The Regional Federation of Peasant Workers of the South Altiplano (FRUCTAS) is a grassroots organization of community members from Nor Lípez province of the central Potosí region of Bolivia. They are in the midst of a struggle against the Japanese trading giant Sumitomo Corporation, which owns the massive San Cristóbal mine. We speak with Francisco Quisbert Salinas, the ex-leader of FRUCTAS. [includes rush transcript]
AMY GOODMAN: We’re broadcasting from the World Peoples’ Summit on Climate Change and Rights of Mother Earth in the Bolivian town of Tiquipaya just outside Cochabamba. We’re actually in the information building of Universidad del Valle, Univalle, as they call it.
One of the participating organizations at the dissident workshop 18 was the Regional Federation of Peasant Workers of the South Altiplano, or FRUCTAS. It’s a grassroots organization of community members from Nor Lípez province of the central Potosí region of Bolivia. They’re in the midst of a struggle against the Japanese trading giant Sumitomo Corporation, which owns the massive San Cristóbal mine.
The silver-lead-zinc mine has been in operation for more than three years, but for the past week and a half it’s been largely shut down by blockades, marches and office takeovers. The protesters are demanding the mine replenish the water used in the extraction processes and that it be taxed. The mine uses 600 liters of water every second.
Francisco Quisbert Salinas is the ex-leader of FRUCTAS who came to participate in the World Peoples’ Summit on Climate Change. He lives less than twenty miles from the San Cristóbal mine. Democracy Now! producer Sharif Abdel Kouddous spoke with him yesterday just outside mesa 18. He began by asking him how the mine has affected his community.
FRANCISCO QUISBERT SALINAS: [translated] Initially, now you can’t see the impacts like right away, but the use of the subterranean waters and the fossil waters at the quantity of 15,000 cubic meters a day is affecting us slowly, little by little. The waters that used to come out of the hill of San Cristóbal, they are drying out. And as these waters go and as you go closer to the mine, you can see how the water flow is getting less and less and how some small springs are drying out.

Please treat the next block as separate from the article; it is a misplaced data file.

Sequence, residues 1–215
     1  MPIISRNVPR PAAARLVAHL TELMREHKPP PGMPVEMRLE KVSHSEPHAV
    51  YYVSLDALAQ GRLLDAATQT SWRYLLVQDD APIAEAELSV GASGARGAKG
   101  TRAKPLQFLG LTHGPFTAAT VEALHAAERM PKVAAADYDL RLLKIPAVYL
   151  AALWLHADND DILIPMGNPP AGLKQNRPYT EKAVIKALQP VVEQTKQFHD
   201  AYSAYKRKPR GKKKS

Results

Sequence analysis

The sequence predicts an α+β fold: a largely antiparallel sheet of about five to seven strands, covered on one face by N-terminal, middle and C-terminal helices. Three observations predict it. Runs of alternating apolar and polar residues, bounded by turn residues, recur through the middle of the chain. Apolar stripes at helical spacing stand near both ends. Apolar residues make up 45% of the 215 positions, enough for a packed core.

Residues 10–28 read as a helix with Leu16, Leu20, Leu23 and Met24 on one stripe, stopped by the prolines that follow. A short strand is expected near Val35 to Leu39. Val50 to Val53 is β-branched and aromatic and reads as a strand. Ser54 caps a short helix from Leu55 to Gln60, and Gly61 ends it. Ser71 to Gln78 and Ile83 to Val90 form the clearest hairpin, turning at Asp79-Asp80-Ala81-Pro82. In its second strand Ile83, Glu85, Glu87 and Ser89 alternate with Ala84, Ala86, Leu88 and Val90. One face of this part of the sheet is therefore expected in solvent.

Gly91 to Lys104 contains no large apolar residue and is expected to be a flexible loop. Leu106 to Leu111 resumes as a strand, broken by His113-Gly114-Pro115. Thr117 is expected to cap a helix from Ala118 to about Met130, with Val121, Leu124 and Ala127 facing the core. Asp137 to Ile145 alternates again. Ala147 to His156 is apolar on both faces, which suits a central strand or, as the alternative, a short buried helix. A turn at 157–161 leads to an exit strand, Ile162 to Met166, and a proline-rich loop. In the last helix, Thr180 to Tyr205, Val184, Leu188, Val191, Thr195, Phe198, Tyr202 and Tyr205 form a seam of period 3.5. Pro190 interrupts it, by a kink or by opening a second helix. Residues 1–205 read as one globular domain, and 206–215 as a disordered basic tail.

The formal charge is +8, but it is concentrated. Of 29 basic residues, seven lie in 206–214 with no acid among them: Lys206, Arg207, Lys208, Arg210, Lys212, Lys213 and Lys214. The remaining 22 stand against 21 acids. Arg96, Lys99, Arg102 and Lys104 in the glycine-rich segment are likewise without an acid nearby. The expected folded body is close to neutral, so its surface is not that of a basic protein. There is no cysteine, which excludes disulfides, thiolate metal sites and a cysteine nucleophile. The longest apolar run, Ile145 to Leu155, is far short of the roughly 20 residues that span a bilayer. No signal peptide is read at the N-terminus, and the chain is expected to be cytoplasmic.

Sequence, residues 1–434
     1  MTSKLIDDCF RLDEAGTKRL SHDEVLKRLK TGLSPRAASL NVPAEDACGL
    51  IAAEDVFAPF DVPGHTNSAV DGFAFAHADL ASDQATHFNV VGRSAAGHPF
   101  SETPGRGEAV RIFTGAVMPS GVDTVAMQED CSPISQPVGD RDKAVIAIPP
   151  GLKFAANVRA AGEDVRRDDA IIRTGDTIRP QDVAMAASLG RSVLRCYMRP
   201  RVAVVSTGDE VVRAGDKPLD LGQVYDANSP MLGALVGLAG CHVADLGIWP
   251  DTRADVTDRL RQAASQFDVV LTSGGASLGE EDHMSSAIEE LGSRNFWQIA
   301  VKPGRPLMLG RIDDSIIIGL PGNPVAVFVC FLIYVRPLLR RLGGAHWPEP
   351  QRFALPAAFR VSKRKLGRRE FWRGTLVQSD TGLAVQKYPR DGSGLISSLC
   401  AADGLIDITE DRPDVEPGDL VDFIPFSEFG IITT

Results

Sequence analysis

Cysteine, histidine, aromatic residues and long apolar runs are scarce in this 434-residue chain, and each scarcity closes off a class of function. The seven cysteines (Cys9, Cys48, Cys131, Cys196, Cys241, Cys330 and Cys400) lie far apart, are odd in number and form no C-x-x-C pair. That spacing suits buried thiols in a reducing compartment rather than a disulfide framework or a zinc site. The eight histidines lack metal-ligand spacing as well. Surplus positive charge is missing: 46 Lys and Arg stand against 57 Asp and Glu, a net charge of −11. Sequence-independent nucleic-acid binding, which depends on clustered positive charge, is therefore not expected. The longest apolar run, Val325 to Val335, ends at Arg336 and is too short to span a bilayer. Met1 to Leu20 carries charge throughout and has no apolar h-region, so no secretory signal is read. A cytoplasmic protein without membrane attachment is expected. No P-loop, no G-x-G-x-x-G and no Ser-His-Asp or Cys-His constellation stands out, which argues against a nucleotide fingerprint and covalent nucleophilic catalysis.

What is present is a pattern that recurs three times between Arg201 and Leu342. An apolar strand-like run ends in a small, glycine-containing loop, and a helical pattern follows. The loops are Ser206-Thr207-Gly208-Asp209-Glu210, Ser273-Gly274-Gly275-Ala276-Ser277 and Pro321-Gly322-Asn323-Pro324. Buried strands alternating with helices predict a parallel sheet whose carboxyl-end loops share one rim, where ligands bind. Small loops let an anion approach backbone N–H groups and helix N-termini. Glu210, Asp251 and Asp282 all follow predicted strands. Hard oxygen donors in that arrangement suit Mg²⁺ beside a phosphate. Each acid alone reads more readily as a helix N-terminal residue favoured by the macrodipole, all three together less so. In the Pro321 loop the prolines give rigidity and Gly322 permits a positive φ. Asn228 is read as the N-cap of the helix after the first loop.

But also, what we feel is that the drought is getting worse. There’s less rain. We’re not sure if it’s because of the mining of the San Cristóbal mining company or if it’s because of climate change or global warming. But what we can see for sure is that the communities close to the mine are impacted negatively by the San Cristóbal mining company.
SHARIF ABDEL KOUDDOUS: And for the last week and a half, the mine has been shut down by protesters. Were you involved in that? And why?
FRANCISCO QUISBERT SALINAS: [translated] This is an anecdotal case, because what is happening here is that we, as Rural Workers Federation, we have been struggling from many years ago, especially we started in ‘99 to fight for our water resources. And we have even contracted a hydrologist, an hydrologic engineer; with our own money, we contracted this engineer. But also we had some help from some NGOs and the local municipal government. But nobody had enough courage to actually go and talk to the mining company to denounce what was going on. It had to be a us who had start to denounce the problems that were going on, and we had to discover that what the mining company was telling us wasn’t actually the truth.
SHARIF ABDEL KOUDDOUS: What are your demands?
FRANCISCO QUISBERT SALINAS: [translated] Our demand is that they should use less water. We ask that they pay for the right to use that water, because now they don’t pay a penny for the water. And that’s what this protest is about. It is an anecdotal case, but we’ve been preparing this struggle for many years. So our demand is that there should be a legislation, there should be a law, that means that they pay for the use of the water. It is not right that they can use the water for free, because we also pay for it.
SHARIF ABDEL KOUDDOUS: And why are you here at mesa 18, outside of the official conference?
FRANCISCO QUISBERT SALINAS: [translated] Look, what I want to say is that we can have beautiful discourses, beautiful speeches, and we have beautiful, excellent speeches in all the working groups, but in practice, we’re not putting things into practice. So, in the other working groups, they’re talking more about international issues, but there’s no — they’re not touching the national-level issues here in Bolivia, because the capitalism doesn’t only exist in the industrialized and the developed countries. Capitalism is present here in our country. For example, through the San Cristóbal mine. There are other mining companies. So what we need to see, what is going on in our own house and what we need to do.
SHARIF ABDEL KOUDDOUS: And finally, your message to President Evo Morales?
FRANCISCO QUISBERT SALINAS: [translated] What we would like our brother Evo Morales to do is to make sure that there is legislation that really takes care of the environment and that the legislation that we already have, that that is implemented, because if there’s no presence of the state, then the mining companies just do whatever they like. That’s why we ask for more presence of the state, that they should take care of the environment, and that the transnational companies shouldn’t just be able to do what they like, and that our people is listend to. That’s what we’ve been always asking for.
AMY GOODMAN: Francisco Quisbert Salinas is the ex-leader of FRUCTAS who came to participate in the World Peoples’ Summit on Climate Change. He lives less than twenty miles from the San Cristóbal mine.